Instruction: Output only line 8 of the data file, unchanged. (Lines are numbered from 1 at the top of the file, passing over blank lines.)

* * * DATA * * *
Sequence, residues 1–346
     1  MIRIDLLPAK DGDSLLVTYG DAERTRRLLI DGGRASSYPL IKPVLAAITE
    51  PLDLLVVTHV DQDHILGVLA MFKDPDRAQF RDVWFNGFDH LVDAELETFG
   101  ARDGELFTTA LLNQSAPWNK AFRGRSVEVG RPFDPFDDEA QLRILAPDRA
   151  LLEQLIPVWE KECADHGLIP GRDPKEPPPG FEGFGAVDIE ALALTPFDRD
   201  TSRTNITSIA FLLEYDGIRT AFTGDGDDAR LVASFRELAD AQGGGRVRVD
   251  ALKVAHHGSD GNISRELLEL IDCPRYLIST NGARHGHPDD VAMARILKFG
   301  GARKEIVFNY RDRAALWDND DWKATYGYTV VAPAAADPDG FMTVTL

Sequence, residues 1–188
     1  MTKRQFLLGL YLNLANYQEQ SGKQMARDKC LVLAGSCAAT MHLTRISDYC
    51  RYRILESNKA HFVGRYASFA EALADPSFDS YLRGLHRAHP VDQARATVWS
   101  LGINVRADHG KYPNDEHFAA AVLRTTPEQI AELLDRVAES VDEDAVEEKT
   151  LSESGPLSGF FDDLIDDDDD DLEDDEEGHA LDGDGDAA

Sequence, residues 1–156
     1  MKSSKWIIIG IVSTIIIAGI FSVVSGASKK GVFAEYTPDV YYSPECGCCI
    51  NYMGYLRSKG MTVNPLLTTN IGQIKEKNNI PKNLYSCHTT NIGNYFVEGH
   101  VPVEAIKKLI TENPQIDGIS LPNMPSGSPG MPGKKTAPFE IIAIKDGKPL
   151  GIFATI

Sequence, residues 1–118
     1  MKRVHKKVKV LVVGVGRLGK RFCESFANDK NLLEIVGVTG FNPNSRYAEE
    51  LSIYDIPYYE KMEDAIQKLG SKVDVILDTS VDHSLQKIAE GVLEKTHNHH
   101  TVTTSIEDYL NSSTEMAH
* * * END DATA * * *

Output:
   301  GARKEIVFNY RDRAALWDND DWKATYGYTV VAPAAADPDG FMTVTL